Al Fayed, the owner of Harrods department store, contends that his son, Dodi, and the princess were victims of a plot directed by Prince Philip, the husband of Queen Elizabeth II, and carried out by rogue British agents.
"Attempting to engineer a crash, that is utterly possible, isn't it?" al Fayed's lawyer Michael Mansfield asked Anthony Read, a senior accident investigator for London's Metropolitan Police.
"I would have to admit that the attempt to engineer a crash is, of course, possible," Read said. "The success of any attempt, of course, is an entirely a different matter."
Mansfield drew on the testimony of Olivier Partouche, who said he saw a dark Mercedes car pursued by motorcycles entering the tunnel, close behind another car; and that of Benoit Boura and Gaelle L'Hostis, who were traveling through the tunnel in the opposite direction and said they saw a car in front of the Mercedes.
Mansfield suggested that if Henri Paul, driver of the couple's Mercedes, found the road blocked by a car in front and a slow-moving car in the right hand lane, he would have no way of getting past.
He also testified that Paul, who was estimated to be going over 60 mph (96 kph), appeared to lose control of the Mercedes after clipping the left rear corner of a slower-moving Fiat Uno.
"It was the presence of the Fiat that required Henri Paul to steer left," Read said.
Analyzing tire tracks in the tunnel, Read said the Mercedes veered to the left, striking a curb in the center of the tunnel; Paul reacted by steering to the right, then steered left to avoid striking the tunnel wall.
As a result, Read said, the Mercedes smashed into a concrete pillar, fatally injuring Diana, Fayed and Paul.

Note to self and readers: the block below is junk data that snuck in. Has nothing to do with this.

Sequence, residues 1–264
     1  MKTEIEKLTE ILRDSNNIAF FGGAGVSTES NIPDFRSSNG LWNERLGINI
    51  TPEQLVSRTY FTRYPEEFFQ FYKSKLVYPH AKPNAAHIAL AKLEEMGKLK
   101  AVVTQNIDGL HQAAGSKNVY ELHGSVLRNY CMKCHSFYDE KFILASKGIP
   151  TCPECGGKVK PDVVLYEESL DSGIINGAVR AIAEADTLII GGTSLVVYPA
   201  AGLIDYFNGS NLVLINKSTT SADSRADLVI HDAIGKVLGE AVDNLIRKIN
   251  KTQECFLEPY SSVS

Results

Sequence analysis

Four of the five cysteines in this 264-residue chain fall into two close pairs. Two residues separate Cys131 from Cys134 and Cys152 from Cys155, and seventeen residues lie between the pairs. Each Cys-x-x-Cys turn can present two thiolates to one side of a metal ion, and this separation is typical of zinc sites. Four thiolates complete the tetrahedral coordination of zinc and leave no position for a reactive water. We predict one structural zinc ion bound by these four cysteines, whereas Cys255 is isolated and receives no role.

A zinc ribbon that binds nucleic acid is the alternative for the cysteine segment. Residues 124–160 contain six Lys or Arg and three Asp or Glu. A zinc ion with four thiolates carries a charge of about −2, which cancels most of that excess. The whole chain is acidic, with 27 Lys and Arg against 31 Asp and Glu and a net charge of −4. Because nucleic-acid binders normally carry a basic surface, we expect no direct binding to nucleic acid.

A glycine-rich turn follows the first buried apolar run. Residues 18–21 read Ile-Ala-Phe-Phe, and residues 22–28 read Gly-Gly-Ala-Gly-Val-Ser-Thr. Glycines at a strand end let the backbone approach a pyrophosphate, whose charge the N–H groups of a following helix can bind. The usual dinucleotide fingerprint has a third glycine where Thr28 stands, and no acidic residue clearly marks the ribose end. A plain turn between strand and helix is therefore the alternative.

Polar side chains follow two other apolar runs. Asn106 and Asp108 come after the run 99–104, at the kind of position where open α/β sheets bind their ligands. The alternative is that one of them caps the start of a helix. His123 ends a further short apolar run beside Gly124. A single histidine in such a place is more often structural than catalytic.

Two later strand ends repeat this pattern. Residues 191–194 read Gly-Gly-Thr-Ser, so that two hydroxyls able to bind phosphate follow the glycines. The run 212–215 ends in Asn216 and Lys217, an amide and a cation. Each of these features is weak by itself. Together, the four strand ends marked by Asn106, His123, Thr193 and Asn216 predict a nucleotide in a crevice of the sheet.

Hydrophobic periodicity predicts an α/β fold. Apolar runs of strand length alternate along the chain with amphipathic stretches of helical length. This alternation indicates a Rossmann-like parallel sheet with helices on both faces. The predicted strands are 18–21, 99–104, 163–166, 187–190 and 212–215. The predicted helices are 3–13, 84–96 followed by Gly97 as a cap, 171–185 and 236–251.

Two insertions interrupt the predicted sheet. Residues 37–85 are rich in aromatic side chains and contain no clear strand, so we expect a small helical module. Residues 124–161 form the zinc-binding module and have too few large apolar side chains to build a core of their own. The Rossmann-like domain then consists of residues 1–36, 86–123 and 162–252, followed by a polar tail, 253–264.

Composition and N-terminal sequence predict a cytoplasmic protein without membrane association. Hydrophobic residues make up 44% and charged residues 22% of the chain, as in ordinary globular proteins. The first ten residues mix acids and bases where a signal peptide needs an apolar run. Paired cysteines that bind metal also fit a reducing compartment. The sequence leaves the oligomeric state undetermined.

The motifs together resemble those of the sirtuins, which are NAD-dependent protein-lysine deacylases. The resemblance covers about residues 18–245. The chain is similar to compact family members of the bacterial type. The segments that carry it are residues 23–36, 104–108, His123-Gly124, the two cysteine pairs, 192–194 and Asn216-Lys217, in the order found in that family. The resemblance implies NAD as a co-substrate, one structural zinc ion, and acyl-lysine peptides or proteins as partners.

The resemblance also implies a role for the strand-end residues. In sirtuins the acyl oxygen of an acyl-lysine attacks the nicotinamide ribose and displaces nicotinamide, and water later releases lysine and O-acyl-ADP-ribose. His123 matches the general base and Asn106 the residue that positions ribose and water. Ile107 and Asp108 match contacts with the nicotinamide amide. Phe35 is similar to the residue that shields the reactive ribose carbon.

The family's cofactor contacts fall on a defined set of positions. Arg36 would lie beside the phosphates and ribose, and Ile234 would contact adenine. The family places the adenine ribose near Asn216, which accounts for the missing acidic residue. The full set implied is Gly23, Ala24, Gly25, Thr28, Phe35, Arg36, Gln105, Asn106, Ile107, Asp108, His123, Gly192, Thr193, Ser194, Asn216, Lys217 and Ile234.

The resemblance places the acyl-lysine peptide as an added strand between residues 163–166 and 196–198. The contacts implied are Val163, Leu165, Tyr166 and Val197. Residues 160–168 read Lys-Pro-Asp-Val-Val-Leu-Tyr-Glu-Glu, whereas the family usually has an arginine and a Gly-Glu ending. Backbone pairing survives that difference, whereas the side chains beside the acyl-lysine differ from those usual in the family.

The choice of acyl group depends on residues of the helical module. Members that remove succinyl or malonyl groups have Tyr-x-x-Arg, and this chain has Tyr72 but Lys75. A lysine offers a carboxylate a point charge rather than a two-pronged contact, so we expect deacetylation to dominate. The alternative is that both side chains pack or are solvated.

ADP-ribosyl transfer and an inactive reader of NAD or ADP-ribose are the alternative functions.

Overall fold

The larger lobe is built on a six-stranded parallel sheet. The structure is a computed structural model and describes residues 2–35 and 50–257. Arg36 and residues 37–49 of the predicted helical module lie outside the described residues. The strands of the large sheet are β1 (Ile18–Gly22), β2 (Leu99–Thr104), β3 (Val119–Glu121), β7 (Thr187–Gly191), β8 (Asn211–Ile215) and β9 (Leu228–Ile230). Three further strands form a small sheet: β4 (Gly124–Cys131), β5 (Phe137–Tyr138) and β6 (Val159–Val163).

Ian Croxford, an attorney for Paul's family, suggested the Mercedes may have been nudged to one side by the Fiat - which Read said was a possibility.
Read confirmed that British police had relied on French investigators for the conclusion that the Fiat collided with the Mercedes. The right front fender and door of the Mercedes, which reportedly had traces of paint from the Fiat, were not available to British investigators, he said.
Read said a number of factors probably contributed to the crash.
"In common with almost all road traffic collisions, there is no one single cause," he said. Possible factors include speed, impairment by alcohol or drugs, the distraction caused by pursuing paparazzi, the need to avoid an obstacle, and the swerve and dip of the road into the tunnel.
Police determined the Fiat was a white Uno model built between 1983 and 1989. It has never been traced.
Testifying on Wednesday, Read said it was "surprisingly difficult" to stage a collision, even under the controlled conditions set up by accident investigators.
He said it appeared that Diana and Fayed, riding in the back seat, were not wearing seatbelts. If they had been, he said, it is likely they would have survived.
Following the refusal of French paparazzi photographers to testify at the inquest, the acting coroner, Lord Justice Scott Baker, ruled on Wednesday that he was prepared to let the jury hear previous statements the photographers had made to French authorities.
"One of the purposes of these inquests is to confirm or allay public suspicions," Baker said.
"Some of the assertions that have been ventilated in the media have already faded into the sunset, if not disappeared over the horizon. But it seems to me that, where possible, the jury should hear relevant evidence on all issues that remain live, even where the witness is unwilling to give it orally."